Maytha Al Habsi, chief programmes officer of the Emirates Foundation, says the Isref Sah Outreach Bus aims at educating Emirati youth on financial literacy by guiding them through the new and effective ways of personal spending.
Get on the UAE financial literary bus and save smart
Tell us a little bit about the aims and objectives behind the literacy bus initiative?
Maytha Al Habsi, chief programmes officer of the Emirates Foundation, says “Isref Sah Outreach Bus aims at educating Emirati youth on financial literacy by guiding them through the new and effective ways of personal spending, encouraging them to adopt effective saving habits and helping them avoid debts. The mobile bus is a part of the Financial Literacy programme, which educates our youth on ways to manage their current and future financial and asset base. It encourages better management of debt and provides learning opportunities on how to create a positive relationship with their finances.”
Why is financial literacy so important? And of course when is the best time for people to develop such skills and knowledge?
Ms Al Habsi: Financial literacy has emerged as an increasingly important issue, notably in light of the global recession, where managing debt effectively emerged as a very salient subject. We want to be able to help young people in the UAE learn how to avoid excessive debt and manage their finances such that they can provide for themselves and their loved ones throughout their lifetime. Research has shown that young people around the world, and particularly in the UAE, often struggle to manage the wide array of sources of debt and often do not have sufficient financial literacy to manage their future asset base.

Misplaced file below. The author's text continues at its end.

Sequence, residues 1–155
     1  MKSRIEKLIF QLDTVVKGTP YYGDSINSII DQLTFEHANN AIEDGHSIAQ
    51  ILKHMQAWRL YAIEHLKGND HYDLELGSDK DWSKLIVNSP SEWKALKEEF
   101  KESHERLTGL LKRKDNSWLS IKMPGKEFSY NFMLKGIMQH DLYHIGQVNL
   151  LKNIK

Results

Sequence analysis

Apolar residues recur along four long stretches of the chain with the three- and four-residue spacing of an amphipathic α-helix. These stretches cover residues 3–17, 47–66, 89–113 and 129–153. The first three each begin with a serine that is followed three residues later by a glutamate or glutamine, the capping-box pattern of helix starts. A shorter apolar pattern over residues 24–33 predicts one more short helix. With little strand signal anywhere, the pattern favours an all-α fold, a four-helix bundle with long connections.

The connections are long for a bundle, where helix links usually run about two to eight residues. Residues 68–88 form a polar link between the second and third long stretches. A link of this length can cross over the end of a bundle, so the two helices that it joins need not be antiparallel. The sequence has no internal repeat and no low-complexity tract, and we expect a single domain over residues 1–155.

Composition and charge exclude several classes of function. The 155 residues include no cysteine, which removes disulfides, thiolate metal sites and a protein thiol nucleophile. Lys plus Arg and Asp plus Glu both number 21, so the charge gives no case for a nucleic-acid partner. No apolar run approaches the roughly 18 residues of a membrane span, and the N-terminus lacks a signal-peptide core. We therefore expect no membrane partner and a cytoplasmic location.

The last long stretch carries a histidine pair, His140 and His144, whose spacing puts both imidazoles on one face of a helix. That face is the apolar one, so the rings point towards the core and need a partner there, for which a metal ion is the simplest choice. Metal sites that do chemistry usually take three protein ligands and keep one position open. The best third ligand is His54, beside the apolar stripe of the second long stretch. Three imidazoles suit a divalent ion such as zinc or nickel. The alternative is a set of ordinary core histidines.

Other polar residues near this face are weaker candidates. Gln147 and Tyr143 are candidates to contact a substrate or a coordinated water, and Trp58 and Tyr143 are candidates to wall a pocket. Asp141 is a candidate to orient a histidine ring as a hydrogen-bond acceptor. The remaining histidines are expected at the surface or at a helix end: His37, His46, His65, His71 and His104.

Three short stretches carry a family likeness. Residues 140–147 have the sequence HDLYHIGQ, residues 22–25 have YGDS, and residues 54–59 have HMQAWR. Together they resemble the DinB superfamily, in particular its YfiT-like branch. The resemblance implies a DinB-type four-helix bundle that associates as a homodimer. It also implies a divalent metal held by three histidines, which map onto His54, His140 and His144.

How long will the bus initiative last? Will it be expanded to other parts of the UAE? What are the next steps?
Ms Al Habsi: We have launched the Isref Sah programme this year as a pilot project. This week we organised week-long “Train the trainers” sessions dubbed the 100 Youth Club project. We have plans to scale up the project to expand into all other emirates.
Is any age too young to learn the necessary money skills?
Ms Al Habsi: We have targeted youth at a very young age, but we mainly focus on the college and secondary school students who are preparing to enter the job market.
Globally, how has carrying out such initiatives been successful? What did you learn from what has been done elsewhere?
John Hope Bryant, chief executive, chairman and founder of Operation Hope, says “I have been to 100 countries and have learnt that you give and take. I have learnt a great deal from many different cultures and can confirm the motto is global. What we are doing in the United States is not a western or US motto, it’s a global one. It requires conceptualisation and localisation – to be global you have to think and act globally. It is all about respecting the people. The value, virtue and culture – the core of the work – is the same, but the overlay is local. The success and failure all depends on that overlay.”
Is the UAE different in terms of culture? How do you apply these lessons here?
Mr Bryant: Of course. Things are different for women. Women have such great positions in the workforce, and 20 years ago this wouldn’t happen. The UAE is open to recognising new ideas – it is the only country where money flows to them like water. However, Emiratis should not get too comfortable with the feeling that there is enough money. They should avoid falling into the same trap as Detroit.